My Father The Judge is the fourth regular production line under the Garcia family’s My Father Cigars’ self-titled brand. The Judge introduces a new Sumatra offering cigar into the company’s portfolio. While My Father Cigars has produced Sumatra wrapper blends for companies such as Tatuaje and Ashton, you have to go back to 2009 when My Father Cigars last produced a Sumatra blend in its own portfolio. That cigar was a valued priced cigar known as the La Reloba Sumatra. With The Judge, the name was inspired by a family friend of the Garcias who happened to be a judge. The cigar had a low-key unveiling at the 2016 IPCPR Trade Show before being released late last year. Today I take a closer look at The Judge in the large 6 x 56 Toro format.
As mentioned My Father The Judge is the fourth regular production line branded with the My Father name. The Judge now joins the other three My Father branded blends which include the original My Father (Habano Rosado wrapped blend), My Father LeBijou 1922 (Habano Oscuro wrapped blend), and My Father Connecticut (Connecticut Shade wrapped blend). There also was a Connecticut Broadleaf offering that was a limited edition shop exclusive to D.C.-based retailer W. Curtis Draper known as the My Father Draper’s 126th Anniversary, but this was never released to regular production.
Without further ado, let’s break down the My Father Judge Toro and see what this cigar brings to the table.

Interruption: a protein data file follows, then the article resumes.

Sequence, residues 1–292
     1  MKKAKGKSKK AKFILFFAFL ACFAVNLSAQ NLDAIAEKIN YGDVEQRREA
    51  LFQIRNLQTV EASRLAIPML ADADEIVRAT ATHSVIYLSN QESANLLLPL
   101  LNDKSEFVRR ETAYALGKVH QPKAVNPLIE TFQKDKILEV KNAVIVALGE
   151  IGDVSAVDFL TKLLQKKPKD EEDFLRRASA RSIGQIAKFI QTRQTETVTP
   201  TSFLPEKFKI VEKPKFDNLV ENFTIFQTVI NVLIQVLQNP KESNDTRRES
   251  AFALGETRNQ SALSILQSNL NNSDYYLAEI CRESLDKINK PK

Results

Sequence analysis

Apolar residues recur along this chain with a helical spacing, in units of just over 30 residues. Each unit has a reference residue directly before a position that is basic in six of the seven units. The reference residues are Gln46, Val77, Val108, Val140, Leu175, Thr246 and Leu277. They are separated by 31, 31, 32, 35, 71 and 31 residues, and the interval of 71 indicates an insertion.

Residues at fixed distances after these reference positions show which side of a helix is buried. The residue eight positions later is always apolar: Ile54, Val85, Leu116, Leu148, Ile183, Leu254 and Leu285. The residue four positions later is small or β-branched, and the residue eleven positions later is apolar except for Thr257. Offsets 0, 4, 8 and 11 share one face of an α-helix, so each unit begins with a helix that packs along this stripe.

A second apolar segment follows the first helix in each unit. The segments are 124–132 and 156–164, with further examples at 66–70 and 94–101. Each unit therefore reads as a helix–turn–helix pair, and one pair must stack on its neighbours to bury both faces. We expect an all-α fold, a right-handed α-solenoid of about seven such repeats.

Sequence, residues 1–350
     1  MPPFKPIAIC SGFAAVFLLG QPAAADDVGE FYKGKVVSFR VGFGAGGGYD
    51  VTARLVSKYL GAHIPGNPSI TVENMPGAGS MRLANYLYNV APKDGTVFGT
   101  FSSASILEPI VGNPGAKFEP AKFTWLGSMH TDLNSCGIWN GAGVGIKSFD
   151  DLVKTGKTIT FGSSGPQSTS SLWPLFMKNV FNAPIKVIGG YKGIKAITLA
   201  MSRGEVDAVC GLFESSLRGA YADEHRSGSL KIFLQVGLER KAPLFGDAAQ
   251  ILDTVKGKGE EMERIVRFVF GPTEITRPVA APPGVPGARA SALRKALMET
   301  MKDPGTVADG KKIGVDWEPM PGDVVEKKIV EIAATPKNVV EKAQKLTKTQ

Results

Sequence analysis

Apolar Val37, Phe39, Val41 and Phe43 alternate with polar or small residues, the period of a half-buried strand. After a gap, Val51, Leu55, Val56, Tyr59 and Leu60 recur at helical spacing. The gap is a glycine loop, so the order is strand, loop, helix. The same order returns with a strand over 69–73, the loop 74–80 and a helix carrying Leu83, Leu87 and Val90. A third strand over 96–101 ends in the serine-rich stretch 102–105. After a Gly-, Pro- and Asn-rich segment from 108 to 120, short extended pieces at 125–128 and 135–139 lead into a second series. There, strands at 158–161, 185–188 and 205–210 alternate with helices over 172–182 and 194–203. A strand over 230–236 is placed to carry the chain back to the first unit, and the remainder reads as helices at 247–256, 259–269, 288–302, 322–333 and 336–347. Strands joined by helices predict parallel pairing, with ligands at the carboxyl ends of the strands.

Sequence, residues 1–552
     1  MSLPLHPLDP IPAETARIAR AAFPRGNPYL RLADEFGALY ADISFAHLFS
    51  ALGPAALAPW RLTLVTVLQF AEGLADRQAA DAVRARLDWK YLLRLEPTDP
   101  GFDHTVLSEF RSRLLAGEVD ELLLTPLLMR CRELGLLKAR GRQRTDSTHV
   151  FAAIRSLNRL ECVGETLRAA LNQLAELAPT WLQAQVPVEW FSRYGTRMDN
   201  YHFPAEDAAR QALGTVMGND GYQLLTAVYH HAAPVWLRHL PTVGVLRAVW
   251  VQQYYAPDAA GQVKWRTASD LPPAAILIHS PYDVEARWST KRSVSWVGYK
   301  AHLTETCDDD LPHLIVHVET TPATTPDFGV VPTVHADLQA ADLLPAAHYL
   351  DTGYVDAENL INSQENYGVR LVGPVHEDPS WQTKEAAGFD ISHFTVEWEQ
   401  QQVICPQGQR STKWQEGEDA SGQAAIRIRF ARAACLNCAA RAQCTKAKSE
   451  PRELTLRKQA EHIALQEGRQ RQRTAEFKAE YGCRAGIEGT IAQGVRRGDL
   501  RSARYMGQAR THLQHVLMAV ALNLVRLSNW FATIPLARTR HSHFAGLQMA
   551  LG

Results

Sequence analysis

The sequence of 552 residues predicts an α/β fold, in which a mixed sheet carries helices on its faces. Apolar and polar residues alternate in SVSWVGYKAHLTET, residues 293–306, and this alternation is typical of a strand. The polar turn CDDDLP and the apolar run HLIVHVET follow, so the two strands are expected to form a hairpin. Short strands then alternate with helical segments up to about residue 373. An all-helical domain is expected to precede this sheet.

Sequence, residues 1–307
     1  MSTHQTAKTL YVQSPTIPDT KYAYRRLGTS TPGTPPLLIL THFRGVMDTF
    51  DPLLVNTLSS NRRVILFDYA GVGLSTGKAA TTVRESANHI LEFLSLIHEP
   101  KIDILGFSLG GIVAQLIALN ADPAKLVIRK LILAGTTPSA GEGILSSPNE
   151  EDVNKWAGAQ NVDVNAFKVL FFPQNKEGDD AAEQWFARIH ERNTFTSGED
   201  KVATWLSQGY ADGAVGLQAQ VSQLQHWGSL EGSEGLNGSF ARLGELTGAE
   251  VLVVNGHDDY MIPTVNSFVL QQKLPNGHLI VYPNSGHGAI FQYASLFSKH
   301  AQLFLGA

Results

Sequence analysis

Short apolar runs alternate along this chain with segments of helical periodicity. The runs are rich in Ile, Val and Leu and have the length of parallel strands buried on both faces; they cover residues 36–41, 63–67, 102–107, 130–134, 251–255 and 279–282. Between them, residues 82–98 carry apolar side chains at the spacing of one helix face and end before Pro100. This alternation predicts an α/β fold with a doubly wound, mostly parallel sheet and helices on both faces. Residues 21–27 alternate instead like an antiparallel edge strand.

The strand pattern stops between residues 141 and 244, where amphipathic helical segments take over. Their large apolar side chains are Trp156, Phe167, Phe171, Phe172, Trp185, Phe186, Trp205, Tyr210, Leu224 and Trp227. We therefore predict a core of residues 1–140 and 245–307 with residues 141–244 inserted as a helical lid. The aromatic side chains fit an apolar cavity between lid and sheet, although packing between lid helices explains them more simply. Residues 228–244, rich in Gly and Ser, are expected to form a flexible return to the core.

The Sumatra wrapper of The Judge originates from Ecuador. Given it is on the darker side, it has an “Oscuro” designation. The remainder of the blend includes tobaccos grown on the Garcia family farms in Nicaragua. The Judge is produced at the My Father Cigars factory in Esteli, Nicaragua.
Wrapper: Ecuadorian Sumatra Oscuro
Binder: Nicaraguan (Double: Corojo, Criollo)
Filler: Nicaraguan (Three tobaccos)
Country of Origin: Nicaragua (My Father Cigars SA)
The Judge is available in three box-pressed sizes. Each of the three sizes was packaged in 23 count boxes. The Grand Robusto and the Toro were released late in 2016 and were skewed toward larger ring gauges. Earlier in 2017, the Toro Fino size was released – adding a more traditional 6 x 52 line extension.
Toro Fino: 6 x 52
Grand Robusto: 5 x 60
Toro: 6 x 56
The Ecuadorian Sumatra Oscuro wrapper of The Judge Toro has a dark chestnut color to it. There was a light coating of oil on the surface of the wrapper. While there were some thin visible veins and thin visible wrapper seams, this was a wrapper that had a smooth surface. This box-press has a classic soft Cuban-style press. Overall this was a firm box-press with no soft spots.
There are two bands on The Judge. The primary band is the classic peach/pink, green, gold, and white My Father Cigars band found across the line. The secondary band sits below the main band. At the center of the band, on a brown background is the”MF THE JUDGE” in gold font. The rest of the band has pink, green and gold design elements. On the far left and far right are the initials “MF” in a classic gold-colored gothic font.
A beige ribbon surrounds the footer of the My Father Judge.
Preparation for the Cigar Experience